If we wanted, we could also invert the order of these clauses to come up with this:
Melissa likes cereal although Joe likes eggs.
In this case, the dependent word is in the middle of the sentence, so no comma is needed (remember that commas are usually not needed in front of dependent words).
Sometimes we need to use a relative pronoun like which or that to correct a comma splice. Here is an example:
Joe likes eggs, these are his favorite breakfast food. (comma splice)
Joe likes eggs, which are his favorite breakfast food. (correct)
For more help with correcting comma splice errors, you can review Section 39 of the Keys for Writers text.
ARC Home | Writing a manuscript
Editing Tip: Parenthetical Elements
This tip reviews how to properly use parenthetical elements, clauses and phrases that can help clarify meaning in your scientific writing
A parenthetical element is information that is nonessential to the meaning of a sentence, such as an example, a clarification, or an aside. This type of sentence component may include the following types of clauses and phrases, as long as the information is nonrestrictive:
- Relative clauses, which commonly begin with which, who/whom/whose, where, or when
- Appositives, or nouns or phrases that rename preceding nouns or phrases
- Participial phrases, or verb-based phrases that describe preceding nouns
- Prepositional phrases, or preposition-based phrases that often describe preceding nouns
- Phrases beginning with such as, including, e.g., or i.e.
The supplementary information provided by a parenthetical element is typically enclosed by two commas, parentheses, or dashes, separating the nonessential material from the rest of the text. Although these punctuation marks have a common purpose, the content of their associated text and their level of emphasis of this text may vary.
Commas are frequently used as a slight interruption, as in the following examples:
- The experiment, which was performed in triplicate, yielded significant results. (relative clause)
- The experiment, the first of its kind, yielded significant results. (appositive)
- The experiment, requiring months of planning, yielded significant results. (participial phrase)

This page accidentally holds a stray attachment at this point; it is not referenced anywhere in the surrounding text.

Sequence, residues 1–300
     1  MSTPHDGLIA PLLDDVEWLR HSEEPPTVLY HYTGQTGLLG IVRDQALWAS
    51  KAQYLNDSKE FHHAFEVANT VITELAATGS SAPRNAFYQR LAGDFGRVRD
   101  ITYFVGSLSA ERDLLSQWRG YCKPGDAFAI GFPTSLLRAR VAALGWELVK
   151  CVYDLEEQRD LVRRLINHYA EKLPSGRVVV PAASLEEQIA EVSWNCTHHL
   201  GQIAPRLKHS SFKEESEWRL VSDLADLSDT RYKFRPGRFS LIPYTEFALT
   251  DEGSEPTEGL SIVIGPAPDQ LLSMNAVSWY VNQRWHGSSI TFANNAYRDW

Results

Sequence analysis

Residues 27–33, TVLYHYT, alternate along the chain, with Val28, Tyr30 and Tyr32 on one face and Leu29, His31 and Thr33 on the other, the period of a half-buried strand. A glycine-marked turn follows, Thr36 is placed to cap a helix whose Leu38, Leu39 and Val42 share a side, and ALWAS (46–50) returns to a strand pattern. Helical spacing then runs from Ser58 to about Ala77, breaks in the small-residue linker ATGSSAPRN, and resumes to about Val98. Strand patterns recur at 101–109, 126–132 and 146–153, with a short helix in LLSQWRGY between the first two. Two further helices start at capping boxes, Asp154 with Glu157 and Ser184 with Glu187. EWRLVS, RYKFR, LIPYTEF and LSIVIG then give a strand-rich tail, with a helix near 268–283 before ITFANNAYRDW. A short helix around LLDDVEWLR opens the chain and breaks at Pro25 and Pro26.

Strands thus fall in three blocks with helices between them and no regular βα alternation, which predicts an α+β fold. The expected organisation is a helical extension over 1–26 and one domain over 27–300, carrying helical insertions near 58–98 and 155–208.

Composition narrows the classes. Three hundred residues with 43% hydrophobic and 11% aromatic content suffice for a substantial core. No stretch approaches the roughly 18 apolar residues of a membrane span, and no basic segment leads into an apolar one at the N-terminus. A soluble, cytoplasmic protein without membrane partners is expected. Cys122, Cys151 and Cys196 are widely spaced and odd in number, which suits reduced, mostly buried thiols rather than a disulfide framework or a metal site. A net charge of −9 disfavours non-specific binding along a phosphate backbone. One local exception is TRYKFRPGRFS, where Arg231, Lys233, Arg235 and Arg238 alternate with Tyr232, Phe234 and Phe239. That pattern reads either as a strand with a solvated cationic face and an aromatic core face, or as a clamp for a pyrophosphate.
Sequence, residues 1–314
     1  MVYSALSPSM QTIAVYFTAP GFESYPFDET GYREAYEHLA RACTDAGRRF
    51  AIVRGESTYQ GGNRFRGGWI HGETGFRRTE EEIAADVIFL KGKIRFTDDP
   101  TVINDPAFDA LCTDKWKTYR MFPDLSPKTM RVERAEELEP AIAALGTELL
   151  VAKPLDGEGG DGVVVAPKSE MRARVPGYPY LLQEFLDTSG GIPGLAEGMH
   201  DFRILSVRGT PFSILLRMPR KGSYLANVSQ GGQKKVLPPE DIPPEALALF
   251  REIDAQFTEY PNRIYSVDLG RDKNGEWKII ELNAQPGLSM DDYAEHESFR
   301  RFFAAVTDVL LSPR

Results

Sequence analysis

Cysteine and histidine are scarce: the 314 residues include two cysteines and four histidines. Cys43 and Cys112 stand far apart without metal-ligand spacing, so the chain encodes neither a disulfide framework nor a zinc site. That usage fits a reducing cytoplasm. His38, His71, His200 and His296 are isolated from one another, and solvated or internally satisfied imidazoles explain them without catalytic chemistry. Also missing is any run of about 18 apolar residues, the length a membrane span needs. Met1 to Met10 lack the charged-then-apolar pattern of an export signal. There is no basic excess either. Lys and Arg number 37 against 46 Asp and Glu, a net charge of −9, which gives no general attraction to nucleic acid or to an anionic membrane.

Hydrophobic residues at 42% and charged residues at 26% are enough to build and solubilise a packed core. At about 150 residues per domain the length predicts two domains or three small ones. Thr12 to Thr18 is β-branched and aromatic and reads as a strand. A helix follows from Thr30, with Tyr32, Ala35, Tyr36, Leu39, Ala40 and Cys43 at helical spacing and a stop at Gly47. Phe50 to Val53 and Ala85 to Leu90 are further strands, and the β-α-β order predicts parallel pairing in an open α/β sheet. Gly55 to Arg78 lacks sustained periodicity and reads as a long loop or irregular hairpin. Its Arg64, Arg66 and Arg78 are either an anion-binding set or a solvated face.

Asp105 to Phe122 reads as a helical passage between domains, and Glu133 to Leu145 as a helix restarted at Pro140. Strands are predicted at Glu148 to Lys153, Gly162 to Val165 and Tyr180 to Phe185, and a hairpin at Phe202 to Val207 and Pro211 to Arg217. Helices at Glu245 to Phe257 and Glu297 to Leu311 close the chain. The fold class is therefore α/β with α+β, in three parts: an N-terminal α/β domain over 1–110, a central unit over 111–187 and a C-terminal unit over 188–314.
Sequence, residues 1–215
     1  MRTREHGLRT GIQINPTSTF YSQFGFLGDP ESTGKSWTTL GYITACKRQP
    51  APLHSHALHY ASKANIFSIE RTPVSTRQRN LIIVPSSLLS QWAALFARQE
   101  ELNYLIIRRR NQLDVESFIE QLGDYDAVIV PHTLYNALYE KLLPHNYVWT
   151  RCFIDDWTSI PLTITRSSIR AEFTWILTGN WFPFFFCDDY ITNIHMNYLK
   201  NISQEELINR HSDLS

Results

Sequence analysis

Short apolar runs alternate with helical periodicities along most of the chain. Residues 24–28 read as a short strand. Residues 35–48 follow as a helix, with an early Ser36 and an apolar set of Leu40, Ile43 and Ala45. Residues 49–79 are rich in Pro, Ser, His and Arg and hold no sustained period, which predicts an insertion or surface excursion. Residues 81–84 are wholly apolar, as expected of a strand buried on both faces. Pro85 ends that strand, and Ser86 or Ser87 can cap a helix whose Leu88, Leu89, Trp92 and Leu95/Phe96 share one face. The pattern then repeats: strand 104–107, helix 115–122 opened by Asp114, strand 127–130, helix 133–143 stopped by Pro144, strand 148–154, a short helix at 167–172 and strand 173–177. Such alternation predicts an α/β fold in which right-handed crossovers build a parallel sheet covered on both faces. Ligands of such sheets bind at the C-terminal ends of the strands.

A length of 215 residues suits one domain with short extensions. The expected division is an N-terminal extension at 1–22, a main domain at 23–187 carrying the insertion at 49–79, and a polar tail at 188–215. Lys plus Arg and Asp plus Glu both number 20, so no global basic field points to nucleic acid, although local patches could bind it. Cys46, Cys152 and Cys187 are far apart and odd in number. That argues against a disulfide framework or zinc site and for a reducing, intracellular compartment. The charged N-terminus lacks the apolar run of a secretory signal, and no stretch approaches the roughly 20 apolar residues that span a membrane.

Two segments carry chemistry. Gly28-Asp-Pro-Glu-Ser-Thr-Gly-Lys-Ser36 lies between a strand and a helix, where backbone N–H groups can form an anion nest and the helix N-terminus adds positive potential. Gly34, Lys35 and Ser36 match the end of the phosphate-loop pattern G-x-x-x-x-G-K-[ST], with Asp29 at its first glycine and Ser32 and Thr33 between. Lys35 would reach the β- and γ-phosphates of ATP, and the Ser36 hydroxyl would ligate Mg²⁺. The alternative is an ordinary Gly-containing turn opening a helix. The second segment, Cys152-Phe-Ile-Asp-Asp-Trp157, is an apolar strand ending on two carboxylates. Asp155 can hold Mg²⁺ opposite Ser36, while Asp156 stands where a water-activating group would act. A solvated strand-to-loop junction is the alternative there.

- The experiment, after months of planning, yielded significant results. (prepositional phrase)
- The experiment, including three replicates and two controls, yielded significant results. (“including” phrase)
In each of these sentences, the phrase bracketed by commas is the parenthetical element. In other words, the sentence “The experiment yielded significant results” maintains its meaning when the parenthetical element is removed.
Note that in the cases of e.g. and i.e., not only the parenthetical information but also the abbreviation itself should be enclosed by commas, as in “The main limitations of this study, i.e., the small sample size and the lack of a positive control, should be noted.”
Similar to commas, parentheses separate nonessential information from the rest of the sentence. However, this punctuation emphasizes its content slightly more than commas do, as in “The experiment (the first of its kind) yielded significant results.” Moreover, parentheses do not require a specific grammatical connection to the rest of the sentence, as demonstrated below:
- The experiment yielded significant results (p<0.05) after the inhibitor was added. (data)
- The experiment yielded significant results (see Table 1 for more information) after the inhibitor was added. (independent clause)
Note that in these examples, the parenthetical information does not fall into any of the categories of common nonrestrictive elements defined above.
Dashes are typically used to strongly emphasize a parenthetical element, even more than parentheses do, often conveying a sudden change in tone or content. For instance, an appositive is highlighted by dashes in the following sentence: “This result—an unforeseen consequence of our technique—motivated us to modify the protocol.” Although commas or parentheses would also be grammatically correct here, the dashes reinforce the unexpected nature of the finding. However, note that in scientific writing, commas and parentheses are more frequently used than dashes, which are sometimes construed as informal.
Dashes may also be used to set off a parenthetical element containing commas, as in the following example: “The main limitations of this study—including the small sample size, the lack of a positive control, and its regional focus—should be noted.”
How to choose?
The decision of whether to use a pair of commas, parentheses, or dashes is often a judgment call, dependent on the perceived importance of the information being communicated. Generally, as William Safire wittily wrote, “Put in olive-sizing terms, commas are large, parentheses giant and dashes supercolossal.” However, keep in mind that although these punctuation marks can add important clarifying information to a sentence, their overuse can be distracting to the reader, interrupting the flow of ideas. As in many areas of life, moderation is best.
If you have any questions or comments about this editing tip, please write to us at [email protected]. We wish you the best in your writing endeavors!
TagsWriting a manuscriptEditing tipsPunctuationSentence and paragraph structureClarity in writingParentheticalsClausesPhrasesParenthesesAppositives